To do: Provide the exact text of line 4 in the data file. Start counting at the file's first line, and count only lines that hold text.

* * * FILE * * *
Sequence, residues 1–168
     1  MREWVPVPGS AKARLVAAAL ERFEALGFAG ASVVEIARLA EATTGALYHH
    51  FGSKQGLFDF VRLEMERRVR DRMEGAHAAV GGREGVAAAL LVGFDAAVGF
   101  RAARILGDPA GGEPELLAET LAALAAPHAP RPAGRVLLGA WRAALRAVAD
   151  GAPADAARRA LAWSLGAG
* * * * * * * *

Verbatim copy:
   101  RAARILGDPA GGEPELLAET LAALAAPHAP RPAGRVLLGA WRAALRAVAD